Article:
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  • Antient Martian Tsunamis: Earth counterpart of projected Martian sediment

    Paper number



    Mr. Sakthi Guhan, India


    Mr. Rohan M Ganapathy, Hindusthan College of Engineering and Technology, India


    Mr. Mohammed Shazin Shoukath Ambalathil, Hindusthan College of Engineering and Technology, India


    Mr. Harshad Nambiar, India



    Bolide impacts on Mars, within the proposed ocean boundaries (‘‘contacts 1 and 2’’) in the northern lowlands, would certainly have generated ultrahigh energy waves similar to tsunamis on Earth. Impacts into putative Noachian and Hesperian seas of variable areal extents and depths would have experienced high energy inundations (transgressions), which would have left an imprint in the stack of deposits adjacent to the proposed shorelines. On Earth, the principal influencing factors for tsunami-wave energy are the character of shoreline topography and coastal water depth, which control wave compression and shoreline friction. Shorelines with narrow embayment sand steep off shore gradients produce wave compression and increased collision of grains within the carried load contrasted with linear shorelines and shallow offshore gradients that dissipate energy. Steep offshore gradients produce concentrated major wave friction with the bed engendering high kinetic energy in the wave during emplacement of tsunami generated sediment, which differs from shallow offshore beds that produce lower frictional effects over a wider area and drawdown of wave energy. Thus, over printing of transported quartz grains on Earth is greatest where wave energy is highest, attenuated down to minor or nil overprinting where wave energy is less. Such grain overprinting in the form of energy-induced micro textures would also be observed in other grain types such as olivine and plagioclase, as such mineralogies are expected to dominate the Martian landscape based on orbital and local field (lander and rover) perspectives. Kinetic energy variation in tsunamis is controlled more by the square of velocity than mass, the resulting collisional effects of which produce swarms of v-shaped percussion micro features on quartz and other silicate mineral surfaces when velocity and compression are highest. This work indicates that a valid test for the ocean hypothesis is targeting ‘‘coastal’ ’areas adjacent to narrow embayments where offshore depths are known to be highest, as possible tsunami-emplaced sediments, especially those that have been protected from atmospheric conditions through relatively rapid burial, may reveal a high frequency of percussion cracks, features of which appear to be unique to such terrestrial environments.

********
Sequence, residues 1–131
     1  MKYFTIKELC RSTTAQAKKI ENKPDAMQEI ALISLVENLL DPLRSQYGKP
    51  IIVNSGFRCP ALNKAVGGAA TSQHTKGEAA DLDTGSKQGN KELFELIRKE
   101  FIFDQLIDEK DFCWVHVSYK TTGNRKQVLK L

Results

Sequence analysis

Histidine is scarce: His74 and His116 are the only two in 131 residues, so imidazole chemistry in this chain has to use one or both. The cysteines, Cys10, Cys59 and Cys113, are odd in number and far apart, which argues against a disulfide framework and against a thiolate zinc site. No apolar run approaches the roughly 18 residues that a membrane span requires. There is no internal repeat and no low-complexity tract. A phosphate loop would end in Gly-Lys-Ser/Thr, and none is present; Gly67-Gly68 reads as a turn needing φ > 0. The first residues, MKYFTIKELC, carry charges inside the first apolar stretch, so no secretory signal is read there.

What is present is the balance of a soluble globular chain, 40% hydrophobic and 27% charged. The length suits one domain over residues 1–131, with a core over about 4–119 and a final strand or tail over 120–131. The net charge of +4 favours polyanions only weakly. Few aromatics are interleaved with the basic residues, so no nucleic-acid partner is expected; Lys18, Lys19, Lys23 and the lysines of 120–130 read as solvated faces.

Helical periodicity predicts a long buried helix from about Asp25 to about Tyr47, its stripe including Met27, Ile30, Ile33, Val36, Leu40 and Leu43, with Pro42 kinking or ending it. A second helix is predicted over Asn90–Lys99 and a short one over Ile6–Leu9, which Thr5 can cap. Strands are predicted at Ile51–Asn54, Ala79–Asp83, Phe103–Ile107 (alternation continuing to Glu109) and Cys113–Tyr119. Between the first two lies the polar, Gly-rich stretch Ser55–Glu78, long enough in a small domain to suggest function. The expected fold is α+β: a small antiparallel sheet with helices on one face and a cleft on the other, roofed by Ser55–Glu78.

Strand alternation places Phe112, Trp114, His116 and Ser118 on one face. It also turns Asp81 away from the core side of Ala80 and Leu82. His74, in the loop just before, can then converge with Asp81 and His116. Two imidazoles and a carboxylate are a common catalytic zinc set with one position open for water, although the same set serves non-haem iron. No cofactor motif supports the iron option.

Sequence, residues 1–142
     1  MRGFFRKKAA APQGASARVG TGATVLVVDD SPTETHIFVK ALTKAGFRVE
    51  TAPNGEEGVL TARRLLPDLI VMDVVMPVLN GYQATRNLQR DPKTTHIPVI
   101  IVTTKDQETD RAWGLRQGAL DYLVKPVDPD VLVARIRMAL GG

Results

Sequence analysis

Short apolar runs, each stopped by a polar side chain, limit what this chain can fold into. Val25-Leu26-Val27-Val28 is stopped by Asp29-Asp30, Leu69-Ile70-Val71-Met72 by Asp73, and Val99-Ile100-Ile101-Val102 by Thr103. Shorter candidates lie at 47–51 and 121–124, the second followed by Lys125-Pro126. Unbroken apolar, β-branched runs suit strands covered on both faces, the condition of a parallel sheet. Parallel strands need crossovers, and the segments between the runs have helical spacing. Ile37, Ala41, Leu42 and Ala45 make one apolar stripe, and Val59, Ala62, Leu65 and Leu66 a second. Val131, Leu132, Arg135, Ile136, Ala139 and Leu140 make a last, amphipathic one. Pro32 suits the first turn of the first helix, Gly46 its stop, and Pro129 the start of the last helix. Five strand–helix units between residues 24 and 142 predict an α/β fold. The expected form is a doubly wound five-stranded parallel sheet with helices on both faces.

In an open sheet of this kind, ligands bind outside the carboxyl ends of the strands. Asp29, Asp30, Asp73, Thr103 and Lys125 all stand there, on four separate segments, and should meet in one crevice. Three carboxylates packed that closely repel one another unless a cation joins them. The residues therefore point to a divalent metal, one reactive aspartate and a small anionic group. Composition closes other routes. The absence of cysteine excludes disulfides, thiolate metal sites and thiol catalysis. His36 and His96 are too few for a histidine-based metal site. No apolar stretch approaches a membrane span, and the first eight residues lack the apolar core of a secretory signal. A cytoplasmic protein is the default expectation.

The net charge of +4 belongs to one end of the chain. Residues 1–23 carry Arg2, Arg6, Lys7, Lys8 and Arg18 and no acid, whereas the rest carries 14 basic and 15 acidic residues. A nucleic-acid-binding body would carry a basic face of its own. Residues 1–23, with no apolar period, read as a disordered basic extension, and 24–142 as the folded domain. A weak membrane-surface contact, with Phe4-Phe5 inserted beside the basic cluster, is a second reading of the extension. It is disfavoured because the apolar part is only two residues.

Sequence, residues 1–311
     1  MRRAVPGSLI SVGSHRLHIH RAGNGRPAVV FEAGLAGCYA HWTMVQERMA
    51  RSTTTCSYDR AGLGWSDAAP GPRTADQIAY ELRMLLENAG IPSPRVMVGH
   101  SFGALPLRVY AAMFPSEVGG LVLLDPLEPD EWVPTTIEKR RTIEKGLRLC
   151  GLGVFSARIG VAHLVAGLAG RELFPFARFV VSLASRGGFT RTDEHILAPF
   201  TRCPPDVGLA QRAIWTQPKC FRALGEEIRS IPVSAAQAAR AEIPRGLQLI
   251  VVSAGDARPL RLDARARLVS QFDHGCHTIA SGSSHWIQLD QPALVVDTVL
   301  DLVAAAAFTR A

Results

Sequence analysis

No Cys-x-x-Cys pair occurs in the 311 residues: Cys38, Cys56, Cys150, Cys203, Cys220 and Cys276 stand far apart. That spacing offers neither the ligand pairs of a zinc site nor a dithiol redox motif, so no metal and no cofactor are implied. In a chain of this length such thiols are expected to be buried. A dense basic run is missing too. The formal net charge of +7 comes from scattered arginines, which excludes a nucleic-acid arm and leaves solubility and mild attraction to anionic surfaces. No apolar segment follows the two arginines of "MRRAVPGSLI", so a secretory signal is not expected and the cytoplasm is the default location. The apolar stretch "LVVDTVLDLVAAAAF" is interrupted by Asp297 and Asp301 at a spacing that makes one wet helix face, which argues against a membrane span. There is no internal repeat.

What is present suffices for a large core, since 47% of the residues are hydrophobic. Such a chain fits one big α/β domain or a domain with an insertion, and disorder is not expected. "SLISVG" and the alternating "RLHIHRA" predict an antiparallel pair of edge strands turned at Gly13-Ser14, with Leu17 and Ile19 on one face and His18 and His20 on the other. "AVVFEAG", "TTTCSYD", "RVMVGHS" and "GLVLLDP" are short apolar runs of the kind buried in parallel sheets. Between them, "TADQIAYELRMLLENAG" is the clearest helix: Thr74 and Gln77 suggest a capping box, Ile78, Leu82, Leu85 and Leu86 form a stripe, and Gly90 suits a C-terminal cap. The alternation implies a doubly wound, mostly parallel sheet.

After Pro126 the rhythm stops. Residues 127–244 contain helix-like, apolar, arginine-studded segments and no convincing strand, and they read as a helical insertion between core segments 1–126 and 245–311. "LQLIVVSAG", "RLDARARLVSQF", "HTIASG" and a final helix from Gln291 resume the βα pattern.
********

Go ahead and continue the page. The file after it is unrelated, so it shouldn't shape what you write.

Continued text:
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    Manuscript document